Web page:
The earnestness with which Michael Gira has thrown himself into the task of reviving the Swans (he resolutely doesn’t consider it a reunion) has resulted in an extensive tour, to follow the release of this brand new album. Reasonably enough, the new lineup have posed for some photos, which you can see for yourself on the Young God Records website and which are magnificently sinister, without any obvious effort to be so. They look like police station mugshots of people arrested for crack possession; Christoph Hahn may have been carved from sandstone and Norman Westberg, whose tenure in the band dates as far back as 1983, appears to have had the same Ian Rush-esque moustache for the last 25 years. Insofar as the snaps convey the gladiatorial might and gnarled temperament on show on My Father Will Guide Me Up A Rope To The Sky, it’s an object lesson in successful promo photography.
When the vague bubbles of chatter about the possibility of fresh Swans activity turned into the froth of hard facts, people had misgivings, as people unfailingly do about every single band which gets back together. One of the more reasonable observations, however, pointed to Gira’s legendary, transgressive onstage intensity back in the Eighties, set against the fact he is now not far from his sixtieth birthday; if this incarnation of Swans was to acknowledge the violently slow and draining atmospheres of early records like Filth and Cop, it ran the risk of being a pale shadow of a relatively young Gira’s primal screams. On the other hand, it is these sluggardly beatdowns which have proved the most influential part of Swans’ catalogue – from Big Black to Godflesh through to Khanate, to name but three – so a redux of the Children Of God album and beyond, where the New York ensemble started to curb their extremity and introduce acoustic parts, would likely prove unsatisfactory too. We’ll have to wait to see precisely what they do live, but My Father… exhibits elements of Swans in pretty much all their incarnations – as well as Angels Of Light, the band Gira has fronted for the last decade, and three of whom feature in the new Swans lineup.
If I’m making it sound like a compromise, with something for fans of any given Swans era deliberately included, this is assuredly not how it comes across. ‘No Words/No Thoughts’, the first of eight songs, lasts nine and a half minutes and strikes forth with invasive no wave guitar and hammer-blow drums. By the time Gira’s vocals arrive, guitars jangle and chime ominously and percussion runs at a martial clip. The album’s longest track gives way to the shortest, the acoustic and beatific ‘Reeling The Liars In’. See-sawing between styles, ‘Jim’ pounds its fists against the notion of ‘the ballad’, Gira’s lyrics carrying an us-against-them triumphalism – “Let’s piss on the city that’s burning down there” – and his music a creatine-bulked nod to Tom Waits. ‘My Birth’ is probably the most quote-unquote macho turn on the record, musically speaking: it’s vaguely tempting to make something of the fact that Jarboe, Gira’s former partner and musical foil in later-period Swans, is not in the new lineup, all of whom are men. There again, drummer Thor Harris is also in Shearwater, who hardly embody the growling essence of male. Moreover, the song is also a wonderful showcase for the monstrous, exacting engineering job on this record; the production styles of Swans records varies enormously, but this may be the one that flatters them the most.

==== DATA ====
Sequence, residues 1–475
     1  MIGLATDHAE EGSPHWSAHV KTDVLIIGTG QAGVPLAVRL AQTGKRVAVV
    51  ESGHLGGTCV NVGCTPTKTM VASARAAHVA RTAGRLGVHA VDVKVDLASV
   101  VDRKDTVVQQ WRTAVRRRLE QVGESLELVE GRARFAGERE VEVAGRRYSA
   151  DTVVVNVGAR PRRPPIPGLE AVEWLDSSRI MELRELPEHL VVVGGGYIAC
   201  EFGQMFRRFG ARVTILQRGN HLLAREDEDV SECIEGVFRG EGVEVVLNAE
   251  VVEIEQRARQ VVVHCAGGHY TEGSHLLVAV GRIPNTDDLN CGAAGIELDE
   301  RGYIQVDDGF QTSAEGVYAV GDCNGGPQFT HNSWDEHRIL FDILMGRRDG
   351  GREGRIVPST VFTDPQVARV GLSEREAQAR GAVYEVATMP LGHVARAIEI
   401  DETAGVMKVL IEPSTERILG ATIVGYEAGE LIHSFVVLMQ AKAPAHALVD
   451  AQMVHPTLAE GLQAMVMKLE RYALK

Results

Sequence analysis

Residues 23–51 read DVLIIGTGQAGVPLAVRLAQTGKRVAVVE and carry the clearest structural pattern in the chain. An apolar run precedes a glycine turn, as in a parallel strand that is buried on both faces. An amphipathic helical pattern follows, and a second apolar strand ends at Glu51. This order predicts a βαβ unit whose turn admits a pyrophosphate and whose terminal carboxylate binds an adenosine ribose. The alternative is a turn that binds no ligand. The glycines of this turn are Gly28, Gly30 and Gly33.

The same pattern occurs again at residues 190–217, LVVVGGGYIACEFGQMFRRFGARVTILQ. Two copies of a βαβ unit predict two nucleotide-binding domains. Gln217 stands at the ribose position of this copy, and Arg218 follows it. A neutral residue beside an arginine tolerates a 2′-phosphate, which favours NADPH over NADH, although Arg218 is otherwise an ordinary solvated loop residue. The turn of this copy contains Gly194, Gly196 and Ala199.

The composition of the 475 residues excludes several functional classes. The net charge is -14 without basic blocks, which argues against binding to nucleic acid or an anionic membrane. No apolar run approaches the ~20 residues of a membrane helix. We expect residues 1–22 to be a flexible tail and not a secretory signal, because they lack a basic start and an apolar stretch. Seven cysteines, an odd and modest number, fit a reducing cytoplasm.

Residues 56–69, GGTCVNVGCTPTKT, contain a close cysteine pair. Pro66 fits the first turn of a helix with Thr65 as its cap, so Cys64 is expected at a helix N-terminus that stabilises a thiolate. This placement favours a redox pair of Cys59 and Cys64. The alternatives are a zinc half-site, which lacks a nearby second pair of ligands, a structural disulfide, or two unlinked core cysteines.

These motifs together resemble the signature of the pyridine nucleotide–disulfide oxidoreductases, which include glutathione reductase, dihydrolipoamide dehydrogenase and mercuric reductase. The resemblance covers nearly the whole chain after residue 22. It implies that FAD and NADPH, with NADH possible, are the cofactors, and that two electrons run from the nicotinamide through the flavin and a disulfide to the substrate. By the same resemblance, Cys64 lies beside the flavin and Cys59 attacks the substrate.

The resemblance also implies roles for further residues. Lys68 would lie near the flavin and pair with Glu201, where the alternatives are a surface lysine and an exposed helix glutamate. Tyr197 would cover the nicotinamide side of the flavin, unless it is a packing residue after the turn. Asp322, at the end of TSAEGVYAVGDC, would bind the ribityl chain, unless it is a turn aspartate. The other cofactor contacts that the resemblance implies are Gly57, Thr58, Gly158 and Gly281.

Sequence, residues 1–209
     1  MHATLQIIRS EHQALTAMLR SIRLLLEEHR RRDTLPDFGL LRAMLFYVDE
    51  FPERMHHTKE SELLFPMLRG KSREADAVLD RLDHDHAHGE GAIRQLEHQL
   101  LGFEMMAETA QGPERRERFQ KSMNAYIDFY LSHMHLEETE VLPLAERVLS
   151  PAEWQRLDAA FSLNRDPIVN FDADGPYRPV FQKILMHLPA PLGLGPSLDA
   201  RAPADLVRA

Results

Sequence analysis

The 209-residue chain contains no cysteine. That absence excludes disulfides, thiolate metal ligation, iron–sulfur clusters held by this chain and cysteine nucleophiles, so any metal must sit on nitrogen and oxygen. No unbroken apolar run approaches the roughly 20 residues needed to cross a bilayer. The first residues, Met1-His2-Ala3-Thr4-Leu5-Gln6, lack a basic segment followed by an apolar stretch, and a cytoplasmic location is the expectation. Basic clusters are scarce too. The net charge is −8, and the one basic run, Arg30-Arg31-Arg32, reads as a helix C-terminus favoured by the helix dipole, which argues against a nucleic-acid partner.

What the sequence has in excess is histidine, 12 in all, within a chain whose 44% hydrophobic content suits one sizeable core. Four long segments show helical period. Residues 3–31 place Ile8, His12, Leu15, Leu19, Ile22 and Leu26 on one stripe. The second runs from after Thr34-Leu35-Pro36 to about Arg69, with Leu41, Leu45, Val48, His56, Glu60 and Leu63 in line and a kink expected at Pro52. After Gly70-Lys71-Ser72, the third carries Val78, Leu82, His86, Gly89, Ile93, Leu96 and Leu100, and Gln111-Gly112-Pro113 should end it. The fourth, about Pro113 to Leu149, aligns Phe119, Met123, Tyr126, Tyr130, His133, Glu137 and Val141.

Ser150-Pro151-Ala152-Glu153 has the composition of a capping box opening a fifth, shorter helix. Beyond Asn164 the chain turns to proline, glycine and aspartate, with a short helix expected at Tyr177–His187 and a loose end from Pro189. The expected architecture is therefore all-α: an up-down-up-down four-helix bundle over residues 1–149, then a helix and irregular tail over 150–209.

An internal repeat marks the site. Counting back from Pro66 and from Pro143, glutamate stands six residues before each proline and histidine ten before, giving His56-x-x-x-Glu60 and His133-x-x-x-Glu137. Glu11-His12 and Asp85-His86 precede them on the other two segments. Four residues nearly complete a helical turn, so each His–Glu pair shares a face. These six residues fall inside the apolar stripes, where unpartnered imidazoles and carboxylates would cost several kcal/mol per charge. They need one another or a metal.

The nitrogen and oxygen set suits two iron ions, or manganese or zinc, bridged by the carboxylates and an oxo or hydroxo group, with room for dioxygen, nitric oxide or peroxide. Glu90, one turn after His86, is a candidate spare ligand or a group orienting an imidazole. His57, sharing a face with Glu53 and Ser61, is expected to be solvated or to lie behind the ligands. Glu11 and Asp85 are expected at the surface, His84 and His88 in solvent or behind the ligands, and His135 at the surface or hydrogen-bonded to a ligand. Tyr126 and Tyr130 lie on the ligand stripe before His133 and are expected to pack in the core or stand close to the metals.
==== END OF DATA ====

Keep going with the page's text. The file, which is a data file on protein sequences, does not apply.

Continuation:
Swans’ sonic evolution in the Eighties came partly because Gira accepted that songs could unnerve and disquiet in ways other than being unrelentingly loud and horrible. This maxim is often used keenly on My Father…, but never better than a track called ‘You Fucking People Make Me Sick’, sung by Devendra Banhart and Gira’s three-year-old daughter. “I love you / Young flower / Now give me / What is mine,” they coo at each other, just prior to a thumping industrial coda. If it was a home video recorded after a boozy Christmas lunch, the family would probably conclude that no-one should ever watch it. As an entry into the Swans canon, it’s spectacular. ‘Inside Madeline’ and ‘Eden Prison’ both lean heavy on a buzzing, Cale-squared squall of violin, and are probably the least inspired moments of the album – by no means bad, and again produced so as to draw you in with sheer sonic envelopment.
As much as Gira’s assembled band play a blinder on this album, the extensive list of ex-members is just one clue, should it be needed, that he is Swans. Thus, it’s fitting that ‘Little Mouth’ features his pebbledashed vocals over minimal guitar and jaunty whistling – indeed, for the last minute he sings unaccompanied. He’s talked about the idea of another Swans outing giving his muse a kick up the arse, and the opportunity to charge £20 for gig tickets is no doubt a boon. Yet My Father Will Guide Me Up A Rope To The Sky sounds more like the essence of Michael Gira than the Angels Of Light ever did, and ought to also serve as another broadside to the idea of reformations being inherently grubby and uncreative ventures.
8Noel Gardner's Score